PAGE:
Given the potential for adverse air quality impacts on a Class I area,the Council believes that the permit should include an enforceable upperlimit for NOx emissions when the plant is in coal-only, or co-firing refusewith waste coal. We concur with the National Park Service recommendationthat the target of 0.07 pounds per million Btu should be coupled with anupper bound enforceable limit of 0.10 pound.
9. The air quality modeling leaves some questions unanswered.A. This proposal used the ISCST3 air dispersion modeling. Wouldit be more appropriate to model pollutant dispersion using the newmodels AERMOD or ISC-PRIME?
B. Air dispersion modeling seems to be limited to activities on-site.Where is the coal refuse loading and transport Particulate Matter accountedfor?
C. Previous modeling accomplished for the Class 1 areas of LinvilleGorge and Great Smokey Mountains also used the ISCST3 model. The IndustrialSource Complex Short Term (ISCST3) model is the US EPA's current regulatorymodel for many New Source Review (NSR) and other air permitting applications.The ISCST3 model is based on a steady-state Gaussian plume algorithm, andis applicable for estimating ambient impacts from point, area, and volumesources out to a distance of about 50 kilometers. Thus the modeling resultsfor the Class 1 areas examined are essentially meaningless since they aremuch further away than 50 kilometers.
We concur with the National Park Service that a more appropriate modelfor this instance is CALPUFF, which utilizes a Lagrangian puff dispersionalgorithm and is considered valid for long-range transport of pollutantsto receptors 50 km 300 km away.
Concerning fluoride emissions the emissions limit of 0.0053 lbs/MMBTUappear to be essentially a negotiated number and applies to fluoride emittedas HF with a reduction efficiency of 50%. KMP committed to further testingonce the plant is built to determine if additional reduction of HF is possible.Will the Kentucky Division of Air Quality hold KMP to this commitment,and where is an enforceable obligation to conduct such testing and to adoptadditional technology or other measures is further reductions are needed?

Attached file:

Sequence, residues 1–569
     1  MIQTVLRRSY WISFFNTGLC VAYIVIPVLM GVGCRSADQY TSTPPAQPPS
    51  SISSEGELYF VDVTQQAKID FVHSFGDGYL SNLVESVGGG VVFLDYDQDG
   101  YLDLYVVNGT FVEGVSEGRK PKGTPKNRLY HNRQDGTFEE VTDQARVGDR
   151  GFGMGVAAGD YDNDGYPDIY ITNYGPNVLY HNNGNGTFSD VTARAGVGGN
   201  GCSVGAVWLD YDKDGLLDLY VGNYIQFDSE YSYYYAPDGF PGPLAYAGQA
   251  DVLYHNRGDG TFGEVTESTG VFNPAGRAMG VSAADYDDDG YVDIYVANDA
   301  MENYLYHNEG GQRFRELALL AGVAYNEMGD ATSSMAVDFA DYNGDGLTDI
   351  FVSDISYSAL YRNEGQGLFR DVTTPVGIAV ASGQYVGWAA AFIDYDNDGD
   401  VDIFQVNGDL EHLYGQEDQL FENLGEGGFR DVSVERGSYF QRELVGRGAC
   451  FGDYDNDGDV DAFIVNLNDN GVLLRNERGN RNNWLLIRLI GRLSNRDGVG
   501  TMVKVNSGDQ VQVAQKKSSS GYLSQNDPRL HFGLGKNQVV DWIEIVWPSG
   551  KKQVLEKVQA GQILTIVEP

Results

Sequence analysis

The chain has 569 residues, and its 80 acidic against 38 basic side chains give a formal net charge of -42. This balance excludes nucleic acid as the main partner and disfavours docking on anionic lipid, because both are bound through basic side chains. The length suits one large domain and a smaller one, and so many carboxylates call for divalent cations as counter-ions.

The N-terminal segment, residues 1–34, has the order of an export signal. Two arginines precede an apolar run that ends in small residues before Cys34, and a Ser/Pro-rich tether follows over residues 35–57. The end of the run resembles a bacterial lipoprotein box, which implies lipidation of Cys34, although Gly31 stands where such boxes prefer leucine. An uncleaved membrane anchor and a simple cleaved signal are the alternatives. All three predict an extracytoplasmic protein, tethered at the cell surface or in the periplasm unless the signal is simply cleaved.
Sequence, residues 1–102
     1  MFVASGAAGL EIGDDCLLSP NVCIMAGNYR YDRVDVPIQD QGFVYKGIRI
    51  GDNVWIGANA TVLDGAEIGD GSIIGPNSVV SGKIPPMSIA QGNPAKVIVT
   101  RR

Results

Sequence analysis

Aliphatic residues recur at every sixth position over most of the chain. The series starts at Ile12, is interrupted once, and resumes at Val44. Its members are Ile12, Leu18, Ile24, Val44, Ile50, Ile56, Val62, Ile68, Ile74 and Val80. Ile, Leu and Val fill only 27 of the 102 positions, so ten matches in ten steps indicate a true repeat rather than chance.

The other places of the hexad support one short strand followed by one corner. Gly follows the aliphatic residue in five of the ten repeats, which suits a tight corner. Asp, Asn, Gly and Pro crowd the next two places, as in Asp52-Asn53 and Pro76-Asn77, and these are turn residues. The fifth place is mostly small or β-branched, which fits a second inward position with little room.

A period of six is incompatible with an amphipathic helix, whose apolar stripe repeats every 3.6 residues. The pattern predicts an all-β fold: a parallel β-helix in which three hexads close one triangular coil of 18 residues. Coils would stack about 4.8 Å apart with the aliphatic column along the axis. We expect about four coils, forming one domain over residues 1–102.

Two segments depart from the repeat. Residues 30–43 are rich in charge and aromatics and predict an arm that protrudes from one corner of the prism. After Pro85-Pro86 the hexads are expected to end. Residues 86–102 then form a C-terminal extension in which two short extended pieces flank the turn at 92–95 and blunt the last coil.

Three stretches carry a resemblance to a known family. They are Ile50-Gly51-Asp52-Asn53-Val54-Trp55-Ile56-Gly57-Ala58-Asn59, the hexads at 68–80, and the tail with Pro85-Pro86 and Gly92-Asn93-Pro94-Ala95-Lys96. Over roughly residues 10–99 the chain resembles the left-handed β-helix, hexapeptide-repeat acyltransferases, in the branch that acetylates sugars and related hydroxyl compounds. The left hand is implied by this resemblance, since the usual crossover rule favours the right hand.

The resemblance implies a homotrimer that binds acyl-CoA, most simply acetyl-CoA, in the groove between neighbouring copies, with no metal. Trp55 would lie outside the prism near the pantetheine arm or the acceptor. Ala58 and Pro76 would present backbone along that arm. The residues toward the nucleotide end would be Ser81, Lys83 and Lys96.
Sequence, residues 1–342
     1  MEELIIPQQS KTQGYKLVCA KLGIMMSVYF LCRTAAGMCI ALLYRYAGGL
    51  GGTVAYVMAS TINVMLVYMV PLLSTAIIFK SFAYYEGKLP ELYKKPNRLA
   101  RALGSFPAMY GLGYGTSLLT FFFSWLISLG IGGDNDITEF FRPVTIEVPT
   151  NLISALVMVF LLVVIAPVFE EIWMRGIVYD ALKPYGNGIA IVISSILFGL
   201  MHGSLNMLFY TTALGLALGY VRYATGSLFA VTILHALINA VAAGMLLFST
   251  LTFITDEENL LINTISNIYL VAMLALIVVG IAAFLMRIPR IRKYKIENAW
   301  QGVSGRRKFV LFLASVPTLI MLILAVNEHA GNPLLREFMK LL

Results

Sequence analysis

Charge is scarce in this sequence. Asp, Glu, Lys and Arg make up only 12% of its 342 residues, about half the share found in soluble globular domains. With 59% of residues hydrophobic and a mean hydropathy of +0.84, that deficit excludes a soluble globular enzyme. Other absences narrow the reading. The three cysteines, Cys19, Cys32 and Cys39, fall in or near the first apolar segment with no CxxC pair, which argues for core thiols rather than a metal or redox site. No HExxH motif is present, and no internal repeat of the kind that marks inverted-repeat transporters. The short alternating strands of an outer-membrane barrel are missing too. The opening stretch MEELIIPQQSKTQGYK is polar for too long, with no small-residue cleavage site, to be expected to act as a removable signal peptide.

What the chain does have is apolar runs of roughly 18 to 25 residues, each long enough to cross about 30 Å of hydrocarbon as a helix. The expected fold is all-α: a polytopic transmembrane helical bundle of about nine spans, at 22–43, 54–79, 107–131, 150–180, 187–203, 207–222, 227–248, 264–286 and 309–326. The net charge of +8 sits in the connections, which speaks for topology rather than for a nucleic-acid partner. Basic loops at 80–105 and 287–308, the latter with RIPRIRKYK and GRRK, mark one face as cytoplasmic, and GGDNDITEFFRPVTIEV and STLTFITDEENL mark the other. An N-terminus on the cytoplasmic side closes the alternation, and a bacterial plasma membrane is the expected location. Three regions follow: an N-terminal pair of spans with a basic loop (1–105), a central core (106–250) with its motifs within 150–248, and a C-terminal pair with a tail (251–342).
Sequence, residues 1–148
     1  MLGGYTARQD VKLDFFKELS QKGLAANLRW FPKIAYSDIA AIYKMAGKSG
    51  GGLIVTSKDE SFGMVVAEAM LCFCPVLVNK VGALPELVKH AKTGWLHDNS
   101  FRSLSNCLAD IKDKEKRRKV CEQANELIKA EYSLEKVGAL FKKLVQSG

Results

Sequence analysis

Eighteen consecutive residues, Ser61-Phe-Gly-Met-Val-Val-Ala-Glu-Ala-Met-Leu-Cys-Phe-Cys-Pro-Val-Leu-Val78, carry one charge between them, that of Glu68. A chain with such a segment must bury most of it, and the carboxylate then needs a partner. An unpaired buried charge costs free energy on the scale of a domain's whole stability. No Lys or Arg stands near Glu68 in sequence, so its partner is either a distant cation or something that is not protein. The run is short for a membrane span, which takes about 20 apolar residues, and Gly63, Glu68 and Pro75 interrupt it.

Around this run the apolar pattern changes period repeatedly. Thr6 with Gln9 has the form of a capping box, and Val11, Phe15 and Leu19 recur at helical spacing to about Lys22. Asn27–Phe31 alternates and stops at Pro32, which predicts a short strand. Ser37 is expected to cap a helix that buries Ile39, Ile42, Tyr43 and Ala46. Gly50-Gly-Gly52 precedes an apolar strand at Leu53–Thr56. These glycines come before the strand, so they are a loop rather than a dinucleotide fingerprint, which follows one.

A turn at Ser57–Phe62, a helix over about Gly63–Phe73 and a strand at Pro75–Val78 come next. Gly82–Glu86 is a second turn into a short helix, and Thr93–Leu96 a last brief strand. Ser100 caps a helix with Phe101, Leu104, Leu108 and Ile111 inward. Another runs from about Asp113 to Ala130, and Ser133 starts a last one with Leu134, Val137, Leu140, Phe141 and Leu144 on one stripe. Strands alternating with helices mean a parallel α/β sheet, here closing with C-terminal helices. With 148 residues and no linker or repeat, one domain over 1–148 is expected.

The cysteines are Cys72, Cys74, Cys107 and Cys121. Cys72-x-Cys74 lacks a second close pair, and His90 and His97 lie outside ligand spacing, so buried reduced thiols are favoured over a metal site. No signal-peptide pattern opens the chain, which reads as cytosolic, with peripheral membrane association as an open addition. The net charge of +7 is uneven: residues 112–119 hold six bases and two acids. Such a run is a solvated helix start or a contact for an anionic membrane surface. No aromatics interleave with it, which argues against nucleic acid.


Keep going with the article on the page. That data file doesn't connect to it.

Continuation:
11. Opacity is to be measured with a COM (Continuous Opacity Monitor),and if the level of Opacity exceeds 5% above the base level of Opacityestablished during performance testing, an inspection of the COM and controlequipment is required, and possibly a stack test. If the CEM illustratesemissions of SO2 or NOX in excess of those allowedor demonstrated during performance testing, is there a similar requirementfor an inspection of the COM and control equipment and possibly a stacktest? Or is Opacity the only indicator that something is wrong?
12. Concerning upset provisions, under the permit the Particulate andOpacity limitations do not apply during startup, shutdown, or malfunction.Will spans of the CEM equipment be sufficient to measure emissions duringupset conditions?
13. For Emissions Unit 03 Bottom Ash Handling System, Emissions Unit04 Fly Ash Handling System, and Emissions Unit 07 Coal Prep System. Whereis fugitive dust considered? These control efficiencies are mandated at99.9%, but the only method of determining if something is wrong with thecontrol equipment is a visual Opacity (>20%) observation, which would appearinsufficient to demonstrate compliance with the control efficiency.